Everyday arts & poetry magazine

Ode to the Humans

Credits Mariam Iqbal - Humans of Karachi

“The small and curious. The kids of the ‘gali’ trying to catch a glimpse of what was happening beyond the gate, excited to be a part of the shoot too.” Credits Mariam Iqbal – Humans of Karachi

Remember a butterfly that flapped a wing causing a tsunami? That’s a similar story, though rather than a flap it was a click-clack of a photo-camera. In 2010, photographer Brandon Stanton started Humans of New York (HONY), a project aiming to construct a photographic census of the city. In less than two years, the online world has burst into hundreds of HO initiatives ranging all over the globe. Now virtually every big city (or a small country) has one. Bastart took a closer look at this new and amazing socio-artistic phenomenon, interviewing some of its creators and participants.

Different latitudes, same inspiration

“I was inspired by Humans of New York, truly one of the best photographic pages I saw.”

Erez Kaganovitz, founder of Humans of Tel Aviv

“This project is inspired by the work of Brandon Stanton in Humans of New York (HONY).”

Humans of Lebanon

“HOBA is a photographic census of people in Buenos Aires, part of an international movement. Thanks HONY for the inspiration!”

Jimena Mizrahi, founder of Humans of Buenos Aires

Similar HONY-praising quotes could go on and on. No matter the geography, no matter the culture nor the city or country size: each and every HO initiative has sprung from the same source of inspiration, i.e. the project launched by Brandon Stanton. What’s it about? Read this brief statement from his Facebook page:

I thought it would be really cool to create an exhaustive catalogue of the city’s inhabitants, so I set out to photograph 10,000 New Yorkers and plot their photos on a map. I worked for several months with this goal in mind. But somewhere along the way, HONY began to take on a much different character. I started collecting quotes and short stories from the people I met, and began including these snippets alongside the photographs. Taken together, these portraits and captions became the subject of a vibrant blog.

“Let me see that pic—- ah shit, I look bad. But you cool man. You cool.”

Credits: Brandon Staton - Humans of New York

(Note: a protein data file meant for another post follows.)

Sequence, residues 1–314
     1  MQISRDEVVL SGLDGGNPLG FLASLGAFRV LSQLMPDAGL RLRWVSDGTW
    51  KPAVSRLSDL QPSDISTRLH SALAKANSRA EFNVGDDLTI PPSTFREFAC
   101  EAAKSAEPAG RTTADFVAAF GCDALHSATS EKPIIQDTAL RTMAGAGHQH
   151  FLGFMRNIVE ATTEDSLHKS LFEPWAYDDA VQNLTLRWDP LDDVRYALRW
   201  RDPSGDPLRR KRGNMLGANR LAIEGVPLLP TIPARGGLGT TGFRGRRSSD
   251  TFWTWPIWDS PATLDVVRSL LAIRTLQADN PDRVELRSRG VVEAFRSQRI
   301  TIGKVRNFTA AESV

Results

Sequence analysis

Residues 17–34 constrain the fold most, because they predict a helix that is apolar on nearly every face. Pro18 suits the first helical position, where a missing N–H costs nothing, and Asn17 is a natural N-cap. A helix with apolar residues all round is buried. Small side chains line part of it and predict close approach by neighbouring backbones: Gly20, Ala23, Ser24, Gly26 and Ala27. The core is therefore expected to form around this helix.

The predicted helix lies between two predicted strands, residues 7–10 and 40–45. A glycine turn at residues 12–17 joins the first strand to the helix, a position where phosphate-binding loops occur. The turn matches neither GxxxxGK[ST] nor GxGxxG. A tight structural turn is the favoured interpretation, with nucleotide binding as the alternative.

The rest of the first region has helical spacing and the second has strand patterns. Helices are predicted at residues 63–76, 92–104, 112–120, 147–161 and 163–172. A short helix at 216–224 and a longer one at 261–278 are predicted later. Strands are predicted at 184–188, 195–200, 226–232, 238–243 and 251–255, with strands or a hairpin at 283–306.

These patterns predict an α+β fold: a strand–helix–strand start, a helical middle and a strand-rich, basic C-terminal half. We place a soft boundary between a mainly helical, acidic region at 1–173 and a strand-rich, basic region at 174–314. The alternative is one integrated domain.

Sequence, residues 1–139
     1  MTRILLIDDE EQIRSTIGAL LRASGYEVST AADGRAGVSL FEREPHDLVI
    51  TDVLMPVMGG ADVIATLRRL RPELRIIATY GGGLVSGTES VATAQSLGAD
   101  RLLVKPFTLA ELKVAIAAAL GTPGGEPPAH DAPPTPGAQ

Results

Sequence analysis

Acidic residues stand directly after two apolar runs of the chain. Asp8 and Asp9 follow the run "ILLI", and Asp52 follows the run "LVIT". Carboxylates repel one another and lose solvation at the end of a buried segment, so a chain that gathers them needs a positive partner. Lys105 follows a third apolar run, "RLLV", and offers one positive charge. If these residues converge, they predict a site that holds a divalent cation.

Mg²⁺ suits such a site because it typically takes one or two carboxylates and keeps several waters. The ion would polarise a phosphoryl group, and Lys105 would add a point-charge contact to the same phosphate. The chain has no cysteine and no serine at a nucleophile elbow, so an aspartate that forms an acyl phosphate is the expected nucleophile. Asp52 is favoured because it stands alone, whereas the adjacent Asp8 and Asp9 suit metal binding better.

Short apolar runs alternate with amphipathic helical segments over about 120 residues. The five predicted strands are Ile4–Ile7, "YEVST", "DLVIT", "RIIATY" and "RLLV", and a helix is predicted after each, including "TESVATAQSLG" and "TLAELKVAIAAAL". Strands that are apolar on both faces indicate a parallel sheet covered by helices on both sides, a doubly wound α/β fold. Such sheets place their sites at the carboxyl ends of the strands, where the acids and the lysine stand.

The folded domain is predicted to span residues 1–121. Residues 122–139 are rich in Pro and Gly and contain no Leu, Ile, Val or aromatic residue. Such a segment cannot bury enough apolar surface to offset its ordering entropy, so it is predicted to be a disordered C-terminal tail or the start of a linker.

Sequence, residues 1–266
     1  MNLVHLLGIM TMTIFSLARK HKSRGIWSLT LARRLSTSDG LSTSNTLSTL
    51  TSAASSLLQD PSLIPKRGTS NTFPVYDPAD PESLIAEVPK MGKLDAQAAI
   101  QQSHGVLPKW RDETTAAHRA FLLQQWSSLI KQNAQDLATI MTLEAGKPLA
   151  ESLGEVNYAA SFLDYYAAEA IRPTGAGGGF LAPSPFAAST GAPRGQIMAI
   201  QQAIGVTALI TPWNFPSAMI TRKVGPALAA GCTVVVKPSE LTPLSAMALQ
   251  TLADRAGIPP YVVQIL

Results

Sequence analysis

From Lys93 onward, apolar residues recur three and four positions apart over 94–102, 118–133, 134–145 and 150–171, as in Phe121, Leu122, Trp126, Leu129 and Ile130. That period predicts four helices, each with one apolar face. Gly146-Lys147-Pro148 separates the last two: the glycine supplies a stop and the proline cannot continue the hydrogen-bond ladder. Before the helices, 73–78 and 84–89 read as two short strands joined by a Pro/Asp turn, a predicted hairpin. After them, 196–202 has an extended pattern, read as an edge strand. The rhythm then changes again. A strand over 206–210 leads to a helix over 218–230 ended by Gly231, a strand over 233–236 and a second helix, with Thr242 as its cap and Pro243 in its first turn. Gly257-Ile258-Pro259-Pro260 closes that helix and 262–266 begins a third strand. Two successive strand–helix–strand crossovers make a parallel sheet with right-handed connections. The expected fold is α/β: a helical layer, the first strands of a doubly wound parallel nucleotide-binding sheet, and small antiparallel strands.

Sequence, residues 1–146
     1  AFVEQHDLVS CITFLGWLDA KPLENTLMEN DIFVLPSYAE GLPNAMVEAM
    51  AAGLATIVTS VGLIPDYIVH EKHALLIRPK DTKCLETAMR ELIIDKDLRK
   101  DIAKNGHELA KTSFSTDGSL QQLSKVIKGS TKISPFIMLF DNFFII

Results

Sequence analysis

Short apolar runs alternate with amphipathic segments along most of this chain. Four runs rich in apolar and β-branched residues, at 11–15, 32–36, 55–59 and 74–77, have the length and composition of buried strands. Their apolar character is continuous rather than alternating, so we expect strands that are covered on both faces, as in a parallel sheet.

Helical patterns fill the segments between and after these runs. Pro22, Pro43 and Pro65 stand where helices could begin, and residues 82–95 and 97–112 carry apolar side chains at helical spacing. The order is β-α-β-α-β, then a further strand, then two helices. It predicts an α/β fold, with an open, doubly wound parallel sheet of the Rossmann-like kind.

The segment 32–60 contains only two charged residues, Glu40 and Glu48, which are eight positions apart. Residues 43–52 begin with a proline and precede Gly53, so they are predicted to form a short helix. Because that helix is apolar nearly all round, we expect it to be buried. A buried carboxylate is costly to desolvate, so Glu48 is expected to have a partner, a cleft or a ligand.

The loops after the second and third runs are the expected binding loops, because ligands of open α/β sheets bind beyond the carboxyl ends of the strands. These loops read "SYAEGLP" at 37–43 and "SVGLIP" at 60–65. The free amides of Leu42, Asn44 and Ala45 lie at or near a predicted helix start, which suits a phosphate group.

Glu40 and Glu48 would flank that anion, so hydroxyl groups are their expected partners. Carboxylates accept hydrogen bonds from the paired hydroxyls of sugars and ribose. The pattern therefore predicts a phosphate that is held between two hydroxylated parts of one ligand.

Credits: Brandon Stanton – Humans of New York

“Mark Twain still coasting off those Huck Finn royalties.”

Credits: Brandon Stanton - Humans of New York

Credits: Brandon Stanton – Humans of New York

“I had to quit music when I had kids because I spent all my time on them.”
“Do you regret it?”
“Absolutely not, because when I picked up the guitar again, the music came out different.”

Credits: Brandon Stanton - Humans of New York

Credits: Brandon Stanton – Humans of New York

And the message spreads…

HONY’s fans on Facebook exceed 800,000 and that’s a big wow. But what amazes even more is the virality of Stanton’s idea.

A quick search on Facebook pages for “Humans of” ends up with an overwhelming number of cities, islands, countries, continents. From New York to Buenos Aires, Lisbon, London, Rome, Paris, Tel Aviv, Beirut and Lebanon, Khartoum, Karachi, Tokyo, Fiji Islands, India, Earth… The list is growing while I’m typing. HO, a universal herb flourishing in any climate around the globe?

Some say it was the simplicity of Stanton’s message – “to construct a photographic census” – that captured the photographers who were already into similar activities, but perhaps with their consciousness still wandering somewhere else. As one of our interviewees, Erez Kaganovitz, puts it:

“For a long time I have been taking pictures of people of Tel Aviv but I was just posting them to my own feed on Facebook. A year ago I spotted HONY and after a glimpse on his project I thought that there is no reason why I shouldn’t do the same in Tel Aviv – to show the diversity of its people but with my own twist”.

Eight + two views on the “Humans of” phenomenon

The “Humans of” phenomenon is a process rather than a product, so probably it is never finished. Each HO project then, although conceived on a similar inspirational basis, develops its unique character, inimitable fingerprints, just as the city or country that hosts it. The eight + two stories Bastart chose to tell you next are best proof of this. Stay tuned. Enjoy.

Bastart meets Humans of Lebanon
Bastart meets Humans of Tel Aviv
Bastart meets Humans of Lisbon
Bastart meets Humans of Khartoum
Bastart meets Humans of Buenos Aires
Bastart meets Humans of the Fiji Islands
Bastart meets Humans of Karachi
Bastart meets Humans of Paris
Bastart incontra People of London (italiano)
Bastart incontra People of Catania (italiano)
For more information about the original creator of “Humans of” phenomenon please visit Humans of New York official Facebook page and website.
Words by Jurgita Po.Alessi

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